Thursday, April 16, 2020

Behold Dune!

Anticipation! Dune's first transition to the silver screen didn't go well. Very much looking forward to this do-over:

In Frank Herbert’s epic 1965 sci-fi novel, Arrakis is the only known location of the galaxy’s most vital resource, the mind-altering, time-and-space-warping “spice.” In the new film adaptation, directed by Arrival and Blade Runner 2049 filmmaker Denis Villeneuve, Chalamet stars as the young royal Paul Atreides, the proverbial stranger in a very strange land, who’s fighting to protect this hostile new home even as it threatens to destroy him. Humans are the aliens on Arrakis. The dominant species on that world are immense, voracious sandworms that burrow through the barren drifts like subterranean dragons.

For the infinite seas of sand that give the story its title, the production moved to remote regions outside Abu Dhabi in the United Arab Emirates, where the temperatures rivaled the fiction in Herbert’s story. “I remember going out of my room at 2 a.m., and it being probably 100 degrees,” says Chalamet. During the shoot, he and the other actors were costumed in what the world of Dune calls “stillsuits”—thick, rubbery armor that preserves the body’s moisture, even gathering tiny bits from the breath exhaled through the nose. In the story, the suits are life-giving. In real life, they were agony. “The shooting temperature was sometimes 120 degrees,” says Chalamet. “They put a cap on it out there, if it gets too hot. I forget what the exact number is, but you can’t keep working.” The circumstances fed the story they were there to tell: “In a really grounded way, it was helpful to be in the stillsuits and to be at that level of exhaustion.”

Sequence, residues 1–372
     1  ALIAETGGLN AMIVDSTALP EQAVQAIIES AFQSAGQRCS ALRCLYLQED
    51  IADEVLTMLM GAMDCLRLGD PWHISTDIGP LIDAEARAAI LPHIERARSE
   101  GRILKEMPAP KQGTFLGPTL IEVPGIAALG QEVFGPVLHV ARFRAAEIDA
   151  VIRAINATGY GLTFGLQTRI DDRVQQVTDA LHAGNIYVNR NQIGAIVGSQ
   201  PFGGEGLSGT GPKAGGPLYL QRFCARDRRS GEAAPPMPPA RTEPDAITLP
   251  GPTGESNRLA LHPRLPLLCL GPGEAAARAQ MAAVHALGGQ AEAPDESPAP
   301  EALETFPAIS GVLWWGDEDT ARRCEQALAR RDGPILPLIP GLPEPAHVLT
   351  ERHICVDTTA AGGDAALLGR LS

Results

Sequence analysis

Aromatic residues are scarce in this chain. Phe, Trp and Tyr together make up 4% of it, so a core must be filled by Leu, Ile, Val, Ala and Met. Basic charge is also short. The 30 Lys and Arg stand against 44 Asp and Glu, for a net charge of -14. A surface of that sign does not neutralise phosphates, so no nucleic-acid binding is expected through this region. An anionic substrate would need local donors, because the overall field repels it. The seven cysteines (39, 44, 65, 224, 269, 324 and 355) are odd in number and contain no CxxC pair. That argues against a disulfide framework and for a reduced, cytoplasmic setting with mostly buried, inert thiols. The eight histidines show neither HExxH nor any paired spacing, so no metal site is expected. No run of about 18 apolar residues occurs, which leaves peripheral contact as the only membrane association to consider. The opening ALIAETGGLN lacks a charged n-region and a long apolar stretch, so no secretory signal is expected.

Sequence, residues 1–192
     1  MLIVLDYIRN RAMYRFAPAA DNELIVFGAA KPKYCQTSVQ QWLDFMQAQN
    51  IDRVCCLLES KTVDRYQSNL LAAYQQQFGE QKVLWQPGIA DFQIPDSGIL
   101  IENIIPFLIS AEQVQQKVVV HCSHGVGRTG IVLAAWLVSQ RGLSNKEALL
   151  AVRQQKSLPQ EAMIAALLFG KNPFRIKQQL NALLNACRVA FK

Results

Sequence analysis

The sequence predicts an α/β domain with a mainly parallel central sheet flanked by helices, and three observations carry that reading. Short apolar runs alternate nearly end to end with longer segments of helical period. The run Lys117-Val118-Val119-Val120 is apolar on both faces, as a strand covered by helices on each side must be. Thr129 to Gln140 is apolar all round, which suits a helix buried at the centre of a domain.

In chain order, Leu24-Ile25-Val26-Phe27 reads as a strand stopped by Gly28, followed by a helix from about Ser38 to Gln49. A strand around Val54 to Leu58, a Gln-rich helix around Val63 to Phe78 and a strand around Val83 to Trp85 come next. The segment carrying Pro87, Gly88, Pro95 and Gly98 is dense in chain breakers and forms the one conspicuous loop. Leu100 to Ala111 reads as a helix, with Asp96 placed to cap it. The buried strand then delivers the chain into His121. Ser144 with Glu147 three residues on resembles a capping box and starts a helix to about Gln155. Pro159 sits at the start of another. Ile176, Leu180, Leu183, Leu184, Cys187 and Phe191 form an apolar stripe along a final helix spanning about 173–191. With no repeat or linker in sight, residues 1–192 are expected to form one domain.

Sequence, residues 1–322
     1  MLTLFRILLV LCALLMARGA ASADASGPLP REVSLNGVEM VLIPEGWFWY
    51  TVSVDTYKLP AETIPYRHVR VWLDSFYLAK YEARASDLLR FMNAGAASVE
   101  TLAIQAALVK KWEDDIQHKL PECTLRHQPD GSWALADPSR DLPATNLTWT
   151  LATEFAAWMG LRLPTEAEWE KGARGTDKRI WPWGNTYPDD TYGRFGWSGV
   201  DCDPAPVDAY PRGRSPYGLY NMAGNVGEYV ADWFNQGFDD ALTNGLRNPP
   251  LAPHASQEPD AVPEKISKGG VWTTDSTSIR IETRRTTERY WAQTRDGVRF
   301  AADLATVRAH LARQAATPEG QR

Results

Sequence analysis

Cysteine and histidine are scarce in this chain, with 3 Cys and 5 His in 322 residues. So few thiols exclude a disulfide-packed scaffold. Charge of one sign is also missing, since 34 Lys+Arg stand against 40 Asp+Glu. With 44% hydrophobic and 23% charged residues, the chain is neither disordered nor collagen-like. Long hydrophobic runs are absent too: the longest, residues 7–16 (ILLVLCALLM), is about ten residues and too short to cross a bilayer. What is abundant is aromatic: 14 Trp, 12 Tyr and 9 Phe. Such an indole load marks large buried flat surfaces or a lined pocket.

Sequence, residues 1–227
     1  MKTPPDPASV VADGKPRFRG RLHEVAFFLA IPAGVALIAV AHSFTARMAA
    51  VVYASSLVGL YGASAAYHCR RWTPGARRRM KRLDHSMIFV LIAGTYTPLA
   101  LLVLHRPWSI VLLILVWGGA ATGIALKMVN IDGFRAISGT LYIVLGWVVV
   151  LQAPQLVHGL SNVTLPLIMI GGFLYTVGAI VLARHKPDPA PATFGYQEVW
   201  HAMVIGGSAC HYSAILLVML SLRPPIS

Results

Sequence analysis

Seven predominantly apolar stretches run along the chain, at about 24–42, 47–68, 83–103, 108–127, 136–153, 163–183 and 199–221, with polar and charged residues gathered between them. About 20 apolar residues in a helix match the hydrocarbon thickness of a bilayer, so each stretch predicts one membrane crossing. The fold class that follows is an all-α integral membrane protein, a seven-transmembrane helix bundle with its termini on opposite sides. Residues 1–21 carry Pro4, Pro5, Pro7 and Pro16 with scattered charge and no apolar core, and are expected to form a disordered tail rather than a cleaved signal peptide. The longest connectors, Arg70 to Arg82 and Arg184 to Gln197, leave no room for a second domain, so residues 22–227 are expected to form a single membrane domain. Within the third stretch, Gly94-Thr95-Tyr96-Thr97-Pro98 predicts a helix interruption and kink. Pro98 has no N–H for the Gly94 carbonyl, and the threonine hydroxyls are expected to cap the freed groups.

Covid Life

If only.

The right attitude.

We have to reopen the North Atlantic crossing May 1st.

By Bicycle - Towards Land Park

On Tuesday, I took the black bicycle, also a Schwinn, down towards Land Park. Lots of joggers out.

Quiet at the zoo.

Beautiful flowers on the abandoned rail line that runs through the Land Park neighborhood, over by Sprouts.

Sutterville overpass over Riverside Blvd. My understanding is that this is a special overpass to Sacramento birders. There is a colony of besieged Purple Martins here that's managed to survive against cowbirds and other problem-creators. Still, when I look at the overpass I see no places for nests. Maybe I misunderstand - maybe this is the wrong place. Nevertheless, I see swift-like birds passing under the overpass. What kinds of birds are these? Are these the Purple Martins? I don't know what a Purple Martin looks like!

Abandoned rail line overpass.

Mural on Surfside store.

My neighborhood Target.

An old nightclub that was apparently once called Typhoon. Like the Art Deco touch.